Despite the official history depicting the supremacy of modernity over tradition, painterly lines have diverged and continued to explore the Mysterium tremendum et fascinans (1) with technique and form maintaining stronger ties to tradition than may at first be appreciated. Even Salvador Dali or Ernst Fuchs had in their own ways incorporated ancient hieratic art, renaissance and mannerism into their study as they simultaneously explored their own personal symbolism. In visionary art therefore we see the potential integration of the conservative traditional forms with the dynamic personal creativity – the marriage of the Immanent & The Transcendent.

Beksinski
Beksinski

Cross Cultural Perspectives

We live in a multi-polar world of civilisational models that have evolved independently, or through competition or synthesis.  Traditional civilisations contain numerous correlations between values, which are expounded in the philosophy of ‘Perennialism‘ (2). And yet it can be one of the most enlightening things to learn of our own culture from the perspective of a different culture. Therefore where possible the Era of Visions project attempts to incorporate, communicate and correlate across the various traditions, whilst respecting their unique integrity.


Footnotes

1.
‘Mysterium tremendum et fascinans’
Outline of Rudolf Otto’s concept of the numinous
 (based on The Idea of the Holy. Trans. John W. Harvey. Oxford: Oxford University Press, 1923; 2nd ed., 1950 [Das Heilige, 1917]): “Mysterium tremendum et fascinans” (fearful and fascinating mystery):

Mysterium“: Wholly Other, experienced with blank wonder, stupor
tremendum“: awefulness, terror, demonic dread, awe, absolute unapproachability, “wrath” of God, overpoweringness, majesty, might, sense of one’s own nothingness in contrast to its power, creature-feeling, sense of objective presence, dependence, energy, urgency, will, vitality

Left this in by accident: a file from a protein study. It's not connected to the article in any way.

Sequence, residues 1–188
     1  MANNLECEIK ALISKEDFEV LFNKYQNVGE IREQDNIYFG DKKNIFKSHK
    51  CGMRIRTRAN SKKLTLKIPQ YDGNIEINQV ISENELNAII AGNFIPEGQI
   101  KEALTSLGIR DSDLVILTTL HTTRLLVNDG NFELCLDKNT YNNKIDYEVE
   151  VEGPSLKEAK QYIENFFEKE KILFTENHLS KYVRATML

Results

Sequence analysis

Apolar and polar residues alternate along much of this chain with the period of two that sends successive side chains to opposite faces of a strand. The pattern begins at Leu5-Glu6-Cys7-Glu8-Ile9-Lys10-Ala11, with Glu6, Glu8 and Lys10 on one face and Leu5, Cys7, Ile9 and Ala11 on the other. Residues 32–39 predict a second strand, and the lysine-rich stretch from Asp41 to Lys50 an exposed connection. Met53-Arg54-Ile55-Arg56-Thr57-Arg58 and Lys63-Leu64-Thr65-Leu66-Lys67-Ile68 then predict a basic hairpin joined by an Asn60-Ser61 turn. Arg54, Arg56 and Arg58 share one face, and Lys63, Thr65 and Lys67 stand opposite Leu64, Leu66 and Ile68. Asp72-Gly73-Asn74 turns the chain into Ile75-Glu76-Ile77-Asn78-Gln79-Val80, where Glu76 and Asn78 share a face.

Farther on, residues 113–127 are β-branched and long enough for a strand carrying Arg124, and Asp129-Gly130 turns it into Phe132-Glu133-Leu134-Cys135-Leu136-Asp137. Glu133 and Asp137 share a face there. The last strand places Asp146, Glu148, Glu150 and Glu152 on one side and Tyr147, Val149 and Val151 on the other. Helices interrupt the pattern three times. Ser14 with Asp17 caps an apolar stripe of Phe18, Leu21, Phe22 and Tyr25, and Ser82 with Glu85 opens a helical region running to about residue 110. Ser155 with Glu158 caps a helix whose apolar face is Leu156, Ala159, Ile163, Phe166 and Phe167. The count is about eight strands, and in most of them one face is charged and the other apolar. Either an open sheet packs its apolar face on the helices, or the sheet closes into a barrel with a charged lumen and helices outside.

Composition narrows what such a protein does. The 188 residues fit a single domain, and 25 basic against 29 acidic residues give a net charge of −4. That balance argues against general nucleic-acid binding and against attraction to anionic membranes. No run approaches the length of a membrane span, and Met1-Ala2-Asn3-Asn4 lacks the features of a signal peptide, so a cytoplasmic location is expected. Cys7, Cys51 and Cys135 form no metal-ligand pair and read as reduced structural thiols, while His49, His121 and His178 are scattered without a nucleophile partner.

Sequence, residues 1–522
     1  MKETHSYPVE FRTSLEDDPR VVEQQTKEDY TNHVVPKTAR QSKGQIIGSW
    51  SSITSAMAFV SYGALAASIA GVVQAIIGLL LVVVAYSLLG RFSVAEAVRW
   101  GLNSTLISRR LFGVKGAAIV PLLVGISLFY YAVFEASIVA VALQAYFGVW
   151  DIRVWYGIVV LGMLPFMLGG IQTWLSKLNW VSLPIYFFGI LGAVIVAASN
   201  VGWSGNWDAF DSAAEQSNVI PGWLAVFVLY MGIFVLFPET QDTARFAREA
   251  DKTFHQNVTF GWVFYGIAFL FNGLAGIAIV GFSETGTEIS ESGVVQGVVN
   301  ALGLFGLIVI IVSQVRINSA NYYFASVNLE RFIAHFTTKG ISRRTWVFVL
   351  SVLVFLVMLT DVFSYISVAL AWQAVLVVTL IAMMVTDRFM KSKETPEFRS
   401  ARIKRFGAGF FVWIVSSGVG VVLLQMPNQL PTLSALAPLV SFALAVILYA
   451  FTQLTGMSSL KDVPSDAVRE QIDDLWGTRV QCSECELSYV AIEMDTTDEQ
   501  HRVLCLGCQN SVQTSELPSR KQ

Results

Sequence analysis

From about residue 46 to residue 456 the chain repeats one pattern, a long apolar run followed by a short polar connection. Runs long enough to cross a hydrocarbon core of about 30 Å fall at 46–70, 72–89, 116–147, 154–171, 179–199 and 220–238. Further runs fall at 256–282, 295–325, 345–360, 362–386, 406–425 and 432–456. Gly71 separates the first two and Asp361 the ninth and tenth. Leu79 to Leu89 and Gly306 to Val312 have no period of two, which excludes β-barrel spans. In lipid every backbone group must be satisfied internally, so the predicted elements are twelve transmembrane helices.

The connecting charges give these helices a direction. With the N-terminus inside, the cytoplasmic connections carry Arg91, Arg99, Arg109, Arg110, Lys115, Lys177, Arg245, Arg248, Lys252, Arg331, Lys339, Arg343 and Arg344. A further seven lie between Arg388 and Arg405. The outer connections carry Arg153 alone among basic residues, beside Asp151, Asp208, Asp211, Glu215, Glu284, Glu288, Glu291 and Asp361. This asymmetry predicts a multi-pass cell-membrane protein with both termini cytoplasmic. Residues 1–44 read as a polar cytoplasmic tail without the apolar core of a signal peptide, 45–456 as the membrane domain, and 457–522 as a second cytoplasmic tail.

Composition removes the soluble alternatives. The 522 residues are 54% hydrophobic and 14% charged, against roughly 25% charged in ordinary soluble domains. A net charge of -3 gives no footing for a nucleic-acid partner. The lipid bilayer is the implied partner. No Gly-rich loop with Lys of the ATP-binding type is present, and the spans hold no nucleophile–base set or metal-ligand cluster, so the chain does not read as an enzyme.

fascinans“: potent charm, attractiveness in spite of fear, terror, etc.


2.
Perennialism, or, perennial philosophy 
(Latinphilosophia perennis),[note 1] also referred to as perennialism and perennial wisdom, is a perspective in spirituality that views all of the world’s religious traditions as sharing a single, metaphysical truth or origin from which all esoteric and exoteric knowledge and doctrine has grown.

Perennialism has its roots in the Renaissance interest in neo-Platonism and its idea of the One, from which all existence emanates.  In the 20th century universalism was further popularized in the English-speaking world through the neo-Vedanta inspired Traditionalist School, which argued for a metaphysical, single origin of the orthodox religions


3.
Mundus Imaginalis
“The technical term that designates it in Arabic, ‘alam a mithal, can perhaps also be translated by mundus archetypus… the same word that serves in Arabic to designate the Platonic Ideas… these images subsist preexistent to and ordered before the sensory world… a world in which subsist the forms of all works accomplished, the forms of our thoughts and our desires, of our presentiments and our behavior.  It is this composition that constitutes ‘alam al-mithal, the mundus imaginalis.”
-Mundus Imaginalis, or the Imaginary and the Imaginal by Henri Corbin